Drawing the line between costumes and cultural appropriation

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Avani Munji

Halloween is most recognizable for the fun costumes people wear to celebrate it; however, it is important to recognize that some outfits are not costumes and should not be worn as such. The Sidekick executive editorial page editor Manasa Mohan thinks people should consider the negative effects their Halloween costumes might have on specific groups of people.

Manasa Mohan, Executive Editorial Page Editor

The leaves changing colors from a vibrant green to burnt orange and red indicates one thing: the coming of fall and Halloween. 

This time of year is characterized by people living out their wildest dreams and dressing up as whoever or whatever they want, going around their neighborhood and getting free candy. 

Halloween is all fun and games until you realize the holiday is a cover for people dressing up in blatantly offensive costumes, the most common of which include indigenous costumes or those that engage in cultural appropriation. Dressing up in such costumes is not appropriate regardless of the occasion or the candy you get at the end of the night. 

Dressing up in an offensive costume teaches others that similar behavior is acceptable in society and that it is OK to mock certain aspects of people’s culture or history. ”

— Manasa Mohan

Children are often subject to wearing these costumes without knowing how it comes across to others. Young kids have yet to learn about cultural appropriation and the controversy that could surround their costume and therefore wear whatever their parents dress them up in. It is their parents’ job to ensure that their costume is acceptable and educate their children on which costumes are appropriate and which are not. Parents should take it upon themselves to explain the disrespect that occurs when their child imitates a culture that is not their own in an offensive way. 

There are some costumes, however, that appreciate certain cultures, ultimately creating a fine line between what is acceptable and what is not. Take, for instance, the popular Disney princess: Jasmine. It is fair and acceptable to dress up as your favorite princess; however, it is not acceptable to wear makeup to make your skin tone darker in hopes to appear more like Jasmine. Appreciating cultural differences is far different from mocking and making fun of them.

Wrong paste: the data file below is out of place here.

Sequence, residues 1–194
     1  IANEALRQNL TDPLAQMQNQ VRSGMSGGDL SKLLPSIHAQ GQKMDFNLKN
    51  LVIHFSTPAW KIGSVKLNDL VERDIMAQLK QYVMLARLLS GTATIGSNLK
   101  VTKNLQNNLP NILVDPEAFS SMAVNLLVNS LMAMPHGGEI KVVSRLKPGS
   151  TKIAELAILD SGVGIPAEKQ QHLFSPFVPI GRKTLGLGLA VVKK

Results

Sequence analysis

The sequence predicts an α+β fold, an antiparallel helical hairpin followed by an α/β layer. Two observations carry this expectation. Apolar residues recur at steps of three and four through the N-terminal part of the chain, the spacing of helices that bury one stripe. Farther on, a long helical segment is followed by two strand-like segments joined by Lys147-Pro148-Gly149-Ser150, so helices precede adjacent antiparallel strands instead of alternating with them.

Some may argue that it is just a Halloween costume and people should not have to worry about being “canceled” over a tradition. But dressing up inappropriately goes beyond that. It can end up perpetuating stereotypes in society and implant an idea in one’s head that may not necessarily be true. Dressing up in an offensive costume teaches others that similar behavior is acceptable in society and that it is OK to mock certain aspects of people’s culture or history. Once one person sees it and deems it to be appropriate, the endless cycle of cultural appropriation and offensive costumes continues, with a minuscule chance of putting an end to it once and for all. 

If you have made this mistake in the past without realizing it, you still have the chance to rectify your mistake. The first step is simply acknowledging the problem and your role in it and trying to be better, whether that consists of learning more about cultures or how to prevent yourself and others from making the same mistake. 

I understand the joy and excitement that Halloween brings to people of all ages. You can dress up as anything you have ever dreamed of being. You can eat tons of candy without feeling judged. But there is a line that you should not be crossing. This season, let’s celebrate the spirit of Halloween and work to ensure that our costumes do not cross the line. 

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